The mark scheme says: Metaphase II, independent assortment of chromatids (i.e. 'X' as opposed to '|'). And I thought that, in all the pictures of meiosis, you see with four daughter cells at the end which all contain '|'. These cells are haploid, so '|' must be chromosomes :confused:

that's meiosis 2
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Woody.
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(Original post by [stephanie])
The mark scheme says: Metaphase II, independent assortment of chromatids (i.e. 'X' as opposed to '|'). And I thought that, in all the pictures of meiosis, you see with four daughter cells at the end which all contain '|'. These cells are haploid, so '|' must be chromosomes :confused:
Let's say a diploid number is 6.
6 of |
Replicate to X (still 6 chromosomes)
X line up on metaphase plate in this style:
X X
X X
X X
etc.

These X move to opposite poles of the cell
The cell divides
So you have two cells with X X X in them. These cells are haploid, but each chromosome contains two chromatids

The X separate and move to the opposite poles of the cell

You end up with 4 cells containing ||| each.
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a.sehgal
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im so confused with meiosis
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[stephanie]
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(Original post by Woody.)
Let's say a diploid number is 6.
6 of |
Replicate to X (still 6 chromosomes)
X line up on metaphase plate in this style:
X X
X X
X X
etc.

These X move to opposite poles of the cell
The cell divides
So you have two cells with X X X in them. These cells are haploid, but each chromosome contains two chromatids

The X separate and move to the opposite poles of the cell

You end up with 4 cells containing ||| each.
I think I understand what you're saying, but where would you label chromosome and chromatids in the process? Meiosis I - independent assortment of chromosomes (or bivalents would be better to use here, I suppose) and Meiosis II - independent assortment of chromatids?
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Woody.
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(Original post by [stephanie])
I think I understand what you're saying, but where would you label chromosome and chromatids in the process? Meiosis I - independent assortment of chromosomes (or bivalents would be better to use here, I suppose) and Meiosis II - independent assortment of chromatids?

The part labelled '1' is a chromatid. This is the only time you ever call anything a chromatid. A chromatid is only a chromatid when it is with another chromatid making up a chromosome.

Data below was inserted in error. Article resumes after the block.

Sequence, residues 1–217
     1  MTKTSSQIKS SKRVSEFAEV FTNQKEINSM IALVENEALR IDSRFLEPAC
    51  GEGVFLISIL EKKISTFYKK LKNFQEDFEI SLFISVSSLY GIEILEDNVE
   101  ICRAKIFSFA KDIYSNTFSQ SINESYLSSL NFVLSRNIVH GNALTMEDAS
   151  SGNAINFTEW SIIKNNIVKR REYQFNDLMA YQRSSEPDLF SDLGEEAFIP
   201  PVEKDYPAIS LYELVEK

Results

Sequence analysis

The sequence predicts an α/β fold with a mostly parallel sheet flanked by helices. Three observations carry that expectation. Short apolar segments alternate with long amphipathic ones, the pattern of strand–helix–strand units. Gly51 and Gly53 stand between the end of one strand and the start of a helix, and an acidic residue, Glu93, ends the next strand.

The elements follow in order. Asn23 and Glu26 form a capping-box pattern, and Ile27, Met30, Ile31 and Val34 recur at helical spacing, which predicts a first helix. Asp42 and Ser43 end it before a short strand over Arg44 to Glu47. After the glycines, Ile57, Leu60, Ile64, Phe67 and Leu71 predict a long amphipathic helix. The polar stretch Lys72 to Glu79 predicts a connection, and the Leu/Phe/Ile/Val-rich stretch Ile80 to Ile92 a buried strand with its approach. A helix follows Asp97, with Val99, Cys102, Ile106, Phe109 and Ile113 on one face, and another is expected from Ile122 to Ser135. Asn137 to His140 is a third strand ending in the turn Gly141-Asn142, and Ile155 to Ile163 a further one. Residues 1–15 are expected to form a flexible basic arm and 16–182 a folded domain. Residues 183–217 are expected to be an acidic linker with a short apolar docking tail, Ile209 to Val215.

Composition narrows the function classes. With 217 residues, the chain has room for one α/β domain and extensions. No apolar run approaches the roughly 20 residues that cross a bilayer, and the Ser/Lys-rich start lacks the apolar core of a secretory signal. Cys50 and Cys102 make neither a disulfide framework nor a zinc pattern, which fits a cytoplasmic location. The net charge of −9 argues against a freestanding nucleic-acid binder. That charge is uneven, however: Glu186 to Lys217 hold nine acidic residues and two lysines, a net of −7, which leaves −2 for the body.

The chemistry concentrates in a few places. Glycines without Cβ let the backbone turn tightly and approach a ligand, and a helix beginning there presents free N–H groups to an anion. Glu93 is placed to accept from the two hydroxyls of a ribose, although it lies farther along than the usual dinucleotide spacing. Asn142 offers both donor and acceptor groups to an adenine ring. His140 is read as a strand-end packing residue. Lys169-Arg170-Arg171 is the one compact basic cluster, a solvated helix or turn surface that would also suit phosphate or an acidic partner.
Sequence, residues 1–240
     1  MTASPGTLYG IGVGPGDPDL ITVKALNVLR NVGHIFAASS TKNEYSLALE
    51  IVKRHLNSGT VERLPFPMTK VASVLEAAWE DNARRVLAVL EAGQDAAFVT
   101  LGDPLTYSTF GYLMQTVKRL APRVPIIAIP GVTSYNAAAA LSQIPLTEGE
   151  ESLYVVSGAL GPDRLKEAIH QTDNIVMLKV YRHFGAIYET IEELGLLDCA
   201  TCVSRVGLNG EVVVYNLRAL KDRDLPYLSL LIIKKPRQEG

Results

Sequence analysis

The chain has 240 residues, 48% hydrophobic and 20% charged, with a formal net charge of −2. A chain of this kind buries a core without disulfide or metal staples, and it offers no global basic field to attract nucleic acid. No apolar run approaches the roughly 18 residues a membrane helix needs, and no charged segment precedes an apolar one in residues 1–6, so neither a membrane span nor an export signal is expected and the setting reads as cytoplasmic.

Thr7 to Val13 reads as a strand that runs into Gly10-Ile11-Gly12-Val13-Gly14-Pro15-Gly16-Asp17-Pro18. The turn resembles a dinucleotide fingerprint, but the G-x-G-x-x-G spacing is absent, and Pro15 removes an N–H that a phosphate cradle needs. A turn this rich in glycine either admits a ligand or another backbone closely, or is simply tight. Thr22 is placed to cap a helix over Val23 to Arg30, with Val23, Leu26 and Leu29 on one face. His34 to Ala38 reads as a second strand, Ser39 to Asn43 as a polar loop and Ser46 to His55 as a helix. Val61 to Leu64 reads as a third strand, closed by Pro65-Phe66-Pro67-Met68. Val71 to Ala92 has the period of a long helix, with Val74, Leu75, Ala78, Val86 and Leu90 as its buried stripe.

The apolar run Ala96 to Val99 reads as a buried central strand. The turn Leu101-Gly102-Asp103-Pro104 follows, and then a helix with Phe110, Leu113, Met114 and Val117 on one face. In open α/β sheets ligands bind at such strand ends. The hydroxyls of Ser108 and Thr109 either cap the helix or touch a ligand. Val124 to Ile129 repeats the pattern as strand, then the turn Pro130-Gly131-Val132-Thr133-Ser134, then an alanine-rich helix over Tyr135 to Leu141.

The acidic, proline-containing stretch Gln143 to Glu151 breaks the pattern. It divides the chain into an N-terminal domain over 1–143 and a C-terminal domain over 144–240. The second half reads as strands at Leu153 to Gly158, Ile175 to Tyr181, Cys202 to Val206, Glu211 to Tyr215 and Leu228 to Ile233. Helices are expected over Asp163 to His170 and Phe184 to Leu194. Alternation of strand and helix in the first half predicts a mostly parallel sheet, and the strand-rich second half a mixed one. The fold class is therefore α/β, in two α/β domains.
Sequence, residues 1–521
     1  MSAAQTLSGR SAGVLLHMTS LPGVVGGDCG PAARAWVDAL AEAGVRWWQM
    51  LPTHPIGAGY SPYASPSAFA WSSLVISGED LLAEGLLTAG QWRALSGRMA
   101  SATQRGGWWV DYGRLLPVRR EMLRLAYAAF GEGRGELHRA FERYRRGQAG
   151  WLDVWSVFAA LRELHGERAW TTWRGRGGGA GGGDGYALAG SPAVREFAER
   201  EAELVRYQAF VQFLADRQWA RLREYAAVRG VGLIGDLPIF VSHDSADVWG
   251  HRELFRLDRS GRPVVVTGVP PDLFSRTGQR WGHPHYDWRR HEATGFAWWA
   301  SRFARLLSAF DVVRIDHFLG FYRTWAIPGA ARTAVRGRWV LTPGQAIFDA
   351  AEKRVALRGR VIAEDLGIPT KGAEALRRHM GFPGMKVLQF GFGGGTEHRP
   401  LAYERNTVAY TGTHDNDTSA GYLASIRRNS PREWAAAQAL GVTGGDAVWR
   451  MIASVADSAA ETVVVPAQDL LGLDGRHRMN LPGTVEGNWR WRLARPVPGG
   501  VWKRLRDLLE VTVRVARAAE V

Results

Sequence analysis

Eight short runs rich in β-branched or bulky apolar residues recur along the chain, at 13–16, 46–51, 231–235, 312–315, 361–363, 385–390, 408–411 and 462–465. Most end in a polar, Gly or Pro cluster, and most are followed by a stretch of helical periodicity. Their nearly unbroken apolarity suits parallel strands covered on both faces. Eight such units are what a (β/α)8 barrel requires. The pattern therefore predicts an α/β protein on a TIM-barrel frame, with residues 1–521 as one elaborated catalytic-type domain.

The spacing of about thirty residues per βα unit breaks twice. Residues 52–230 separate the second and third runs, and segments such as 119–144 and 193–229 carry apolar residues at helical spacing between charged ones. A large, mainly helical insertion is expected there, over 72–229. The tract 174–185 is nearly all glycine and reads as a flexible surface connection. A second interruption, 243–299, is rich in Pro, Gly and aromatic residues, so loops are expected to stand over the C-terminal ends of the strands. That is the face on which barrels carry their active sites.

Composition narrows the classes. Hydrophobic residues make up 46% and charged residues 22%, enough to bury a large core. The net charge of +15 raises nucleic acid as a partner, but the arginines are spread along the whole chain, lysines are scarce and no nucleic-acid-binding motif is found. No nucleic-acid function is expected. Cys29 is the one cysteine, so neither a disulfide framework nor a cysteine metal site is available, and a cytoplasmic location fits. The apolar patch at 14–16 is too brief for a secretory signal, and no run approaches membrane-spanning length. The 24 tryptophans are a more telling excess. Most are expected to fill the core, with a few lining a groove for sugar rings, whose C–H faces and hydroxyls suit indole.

When the chromosome separates TWO chromosomes are formed. The strands that WERE chromatids are now called chromosomes.

Meiosis II is definitely not independent assortment of chromatids. It is assortment of chromosomes, 23 X.

a.sehgal, what are you still confused with?
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[stephanie]
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(Original post by Woody.)

The part labelled '1' is a chromatid. This is the only time you ever call anything a chromatid. A chromatid is only a chromatid when it is with another chromatid making up a chromosome.

When the chromosome separates TWO chromosomes are formed. The strands that WERE chromatids are now called chromosomes.

Meiosis II is definitely not independent assortment of chromatids. It is assortment of chromosomes, 23 X.

a.sehgal, what are you still confused with?
Thanks
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Ejit
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(Original post by [stephanie])
Thanks
and you're supposed to be doing Pharmacology? :confused:

OP, DNA doesn't replicate during prophase.
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[stephanie]
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(Original post by Ejit)
and you're supposed to be doing Pharmacology? :confused:

OP, DNA doesn't replicate during prophase.
Well I will be ... hopefully
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GonazGirl
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Sorry for jumping onthis thread, but meiosis really does confuse me.
I really dont get the bit where

"6 of |
Replicate to X (still 6 chromosomes)"

is this like the replication in mitosis?
how is it still 6 chromosomes?
Sorry if im being dim, i just can't seem to get this.
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MGIL
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(Original post by Ejit)
and you're supposed to be doing Pharmacology? :confused:

OP, DNA doesn't replicate during prophase.


why so harsh?
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MGIL
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(Original post by GonazGirl)
Sorry for jumping onthis thread, but meiosis really does confuse me.
I really dont get the bit where

"6 of |
Replicate to X (still 6 chromosomes)"

is this like the replication in mitosis?
how is it still 6 chromosomes?
Sorry if im being dim, i just can't seem to get this.

Argh so many people don't get it!


Ok for the gazillionath time


| is a chromosome

| replicates to X during Interphase/s phase.

You now have 46 of X instead of what you originally had which was 46 of these |

What you originally had -46 of these |-were also called chromosomes despite only having one little |
And also after replication you STILL HAVE 46 CHROMOSOMES-X-called the same thing!

With the X type of chromosomes you call both the two sticks in the X a chromatid-so the X consists of two chromatids.

OK what next-mitosis or meiosis?

Talk about meiosis

After the first meiotic division you get 23 of X in each cell
so two cells with 23 X in each

After the second meitoic division you get the chromatids in X separating to give 4 cells of | with 23 of | in each
Again although you have | it is still called a chromosome
Thus after both meiotic division the cells are haploid
However the examiners wants you to understand that it is after the first meitotic division that the cells become haploid.


Does that make sense?!?!!!